Corning launches Astra Glass: a new glass substrate for tablets, laptops, and TVs
For years, smartphones have used Corning Gorilla Glass as their screen protection method of choice. After all, nothing has actually come close to it in 12 years, ever since it debuted on the original iPhone in 2007. It strikes the perfect balance between scratch resistance, flexibility, and drop resistance, and this is even truer than ever in its 6th iteration. However, it doesn’t really need to be a smartphone-exclusive thing, as Corning wants to branch outside of the smartphone market as well. Now, Corning has announced their all-new glass substrate, Corning Astra Glass.
Astra Glass is a new glass innovation made by Corning, specifically engineered around bigger displays, such as high-performance tablets, laptops, and high-res TVs. It’s specifically made to effectively enable for higher pixel density on high-performance displays, and since it’s specifically made around 8K displays, it should be able to do a very good job in this regard. According to Ham Yim, a Corning executive, they’ve learned what users need after years of close collaboration with users to “bring 8K resolution to larger devices and sets – low total pitch variation, low total thickness variation, and low sag”.
We should note, however, that Astra Glass is not the same thing as Gorilla Glass, nor is it engineered towards the same purpose. While Gorilla Glass is set to protect the displays in our smartphones—which are frequently subject to drops and scratches—Astra Glass is not a cover glass, but rather serves as a part of the glass stack that goes inside TV set. It does not protect against scratches or overall damage, as its purpose is to enhance the performance of a TV/laptop/tablet display. According to Corning, Astra Glass is set to join Corning’s portfolio of glass substrates, together with Gorilla Glass and Lotus NXT Glass, their solution for flexible OLEDs.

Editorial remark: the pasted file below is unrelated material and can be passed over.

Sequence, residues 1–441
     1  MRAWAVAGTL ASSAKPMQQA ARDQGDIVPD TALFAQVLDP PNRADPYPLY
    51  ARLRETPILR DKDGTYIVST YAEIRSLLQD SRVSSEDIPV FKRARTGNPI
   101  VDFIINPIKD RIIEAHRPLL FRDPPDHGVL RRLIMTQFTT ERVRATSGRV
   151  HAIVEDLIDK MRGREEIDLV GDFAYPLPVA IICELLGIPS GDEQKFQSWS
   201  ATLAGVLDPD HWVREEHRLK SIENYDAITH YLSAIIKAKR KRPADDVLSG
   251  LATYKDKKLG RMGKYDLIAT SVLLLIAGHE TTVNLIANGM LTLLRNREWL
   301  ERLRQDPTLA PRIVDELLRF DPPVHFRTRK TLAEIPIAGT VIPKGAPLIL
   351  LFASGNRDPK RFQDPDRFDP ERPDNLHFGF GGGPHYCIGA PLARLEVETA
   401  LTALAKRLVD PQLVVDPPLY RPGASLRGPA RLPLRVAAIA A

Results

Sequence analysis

So far, though, we don’t know which devices exactly are set to launch with Corning’s new Astra Glass solution. We know it’s made for TVs, tablets, laptops, and other larger devices, but it shouldn’t be long before we start seeing devices launch with Astra Glass. The concept sounds exciting, and we can’t wait to know more about it.
This article was updated on May 27th, 2019 at the request of a Corning representative, who reached out to us to point out a mistake in the article’s writing. We had initially covered that Astra Glass was a variant of Gorilla Glass for high-performance displays, when they’re actually completely different things.
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